There is a world outside of chocolate milk

This week from Kirina’s table….

Good Morning to everyone on this cold winter day!  Actually it’s a balmy 35 degrees here in New Jersey, which for people of this state might as well be Florida weather for all the polar vortex/freeze/ice box temperatures we’ve been having.   We spent the weekend trying to play in the snow.  By trying, I mean Kirina played, I watched.  Being 8 months pregnant means I look and feel like a penguin and penguins don’t bend over so well to make snow angels and the like.  We made a fun time of it anyway. 🙂

But man, was it cold! The first thing I wanted to do was come inside and drink something sweet and warm.  This would automatically lead to warm, toasty thoughts of hot chocolate and Swiss Miss and marshmallows.  But that’s not quite how I roll…yes, I do enjoy hot chocolate on occasion (but only the real stuff, where you take milk and real cocoa powder and a dash of chili powder and boil it all together on the stove).  No, the first thing I thought of was what my mom used to give me as a child, using these seasonings:

Cardamom and saffron….two of the most fragrant spices my big Gujarati/Persian nose has ever smelled.  For those of you unfamiliar with these precious flavors, the black seeds in the picture are the cardamom seeds and the red threads are saffron, which are actually the stigmas inside of a special kind of crocus flower.  Saffron is used all over Asia and the Middle East to perfume and naturally color basmati rice (think rice biryani), meats and desserts.  As for cardamom, there are several kinds, but the seeds pictured come from green cardamom, which are actual green pods that hold the black seeds.  They are also used in various curry dishes, but are particularly tasty in desserts.   See the Spice Cabinet section for more details on these two spices.

My childhood go-to drink was always warm milk with cardamom powder, saffron and a pinch of sugar.  This concoction was more “normal” for me than hot chocolate, or chocolate or strawberry milk.  It was warm and comforting, the aroma was sweet and unique, and the little teacup my mom put it in made it all feel very special (though most things like this from a loving mom feel special, no matter the drink or teacup).

Kirina has discovered Ovaltine and chocolate flavors for sure, but I wanted her to try my childhood love, which is exactly what we did on Sunday after coming in from the cold.  Since she is familiar with these flavors anyway, and totally has a sweet tooth, I figured it wouldn’t be too hard to introduce her to this new creation.  Even for little ones who have never tried these flavors, it’s usually a hit.  The two spices are so gentle and mild, that they are used in numerous Indian, Asian and Middle-Eastern desserts (kids around the world, as we all know, enjoy their desserts).  This is a great way to broaden and enliven your baby’s or toddler’s palate.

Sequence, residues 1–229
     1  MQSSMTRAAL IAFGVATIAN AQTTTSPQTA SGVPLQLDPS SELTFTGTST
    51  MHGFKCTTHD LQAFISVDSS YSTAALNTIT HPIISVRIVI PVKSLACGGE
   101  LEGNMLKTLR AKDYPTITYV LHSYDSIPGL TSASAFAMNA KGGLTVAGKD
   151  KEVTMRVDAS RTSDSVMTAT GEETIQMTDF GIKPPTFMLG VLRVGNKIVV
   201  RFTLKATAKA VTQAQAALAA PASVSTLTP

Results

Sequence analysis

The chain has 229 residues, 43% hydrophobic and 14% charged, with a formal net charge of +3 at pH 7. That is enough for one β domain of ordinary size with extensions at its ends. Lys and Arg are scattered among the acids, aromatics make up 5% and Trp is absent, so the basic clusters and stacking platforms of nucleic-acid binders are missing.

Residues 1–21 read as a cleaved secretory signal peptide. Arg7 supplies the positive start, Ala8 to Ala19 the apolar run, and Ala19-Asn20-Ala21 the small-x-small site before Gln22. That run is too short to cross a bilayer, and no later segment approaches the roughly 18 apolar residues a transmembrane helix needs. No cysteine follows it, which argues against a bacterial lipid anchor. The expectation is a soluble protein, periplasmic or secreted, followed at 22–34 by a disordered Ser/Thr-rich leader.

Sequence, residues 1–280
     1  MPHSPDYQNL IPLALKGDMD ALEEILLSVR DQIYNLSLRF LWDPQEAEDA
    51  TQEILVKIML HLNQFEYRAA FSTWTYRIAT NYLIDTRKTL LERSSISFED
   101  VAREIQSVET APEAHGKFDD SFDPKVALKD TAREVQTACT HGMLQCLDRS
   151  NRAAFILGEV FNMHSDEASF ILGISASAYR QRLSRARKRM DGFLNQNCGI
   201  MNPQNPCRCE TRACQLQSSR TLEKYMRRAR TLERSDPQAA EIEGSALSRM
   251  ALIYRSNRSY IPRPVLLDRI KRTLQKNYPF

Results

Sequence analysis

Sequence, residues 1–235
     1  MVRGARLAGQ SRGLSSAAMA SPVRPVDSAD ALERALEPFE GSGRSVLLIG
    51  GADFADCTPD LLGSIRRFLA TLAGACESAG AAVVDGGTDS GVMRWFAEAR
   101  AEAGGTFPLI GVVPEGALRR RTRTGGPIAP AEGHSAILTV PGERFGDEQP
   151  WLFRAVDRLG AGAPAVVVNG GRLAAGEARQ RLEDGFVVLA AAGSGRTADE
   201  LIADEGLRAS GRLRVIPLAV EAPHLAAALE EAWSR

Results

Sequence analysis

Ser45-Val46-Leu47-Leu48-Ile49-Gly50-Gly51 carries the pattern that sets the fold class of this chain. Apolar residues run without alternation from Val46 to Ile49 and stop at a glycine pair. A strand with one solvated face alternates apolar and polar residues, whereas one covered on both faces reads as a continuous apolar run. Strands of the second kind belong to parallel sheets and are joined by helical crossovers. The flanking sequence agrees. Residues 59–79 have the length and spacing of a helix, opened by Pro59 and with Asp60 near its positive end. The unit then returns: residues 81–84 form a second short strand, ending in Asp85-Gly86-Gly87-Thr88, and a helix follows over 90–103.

The recipe is beyond simple:  In a small pot, add one cup of milk, one pinch of ground cardamom (I keep the seeds in a small pepper mill and then have it handy to grind fresh when I need it), and one pinch of sugar (the sugar amount is up to you.  I usually add a half teaspoon or so into my cup).  Take 3-4 saffron threads, crush them between your fingers and add them in.  Bring to a gentle boil, and as soon as it boils, remove from heat and give a good stir.  The milk will have changed into a warm, yellow color and the fragrance of the cardamom and saffron will be obvious and pleasing.  You can strain the milk if you want an ultra smooth drink, but I usually just pour it into a cup and sip away.  The cardamom powder usually sinks to the bottom of the cup.  You can vary all the ingredient amounts to your liking.

For Kirina, I poured about an ounce or so into her favorite Peter Rabbit cup (we bought this cute little cup in York, England, this past fall on vacation.  There is a whole Peter Rabbit shop there! One of many reasons I love the UK. 🙂 ).

Kirina’s verdict: She loved it!!!! So much so that she actually didn’t ask for Ovaltine for dinner (a regular request since I introduced her to the stuff a few weeks ago).  I loved it too.  I haven’t made the drink in years, probably because it can remind me so much of my mom (she passed away in 2005) and as she was my best friend, reminiscing can be bittersweet.

But let’s always try and focus on the sweet in this instance.  I learned it was not only great for Kirina to try something new, ethnic and unique, but I also realized I was passing along a piece of my mom to Kirina with this little drink.  As I always say, your mom’s cooking feels like a big warm hug, something I miss dearly.  I am happy that Kirina’s grandmother is able to hug her though her warm milk and Peter Rabbit cup.

From Kirina’s booster seat to your little one’s…bon appetit!

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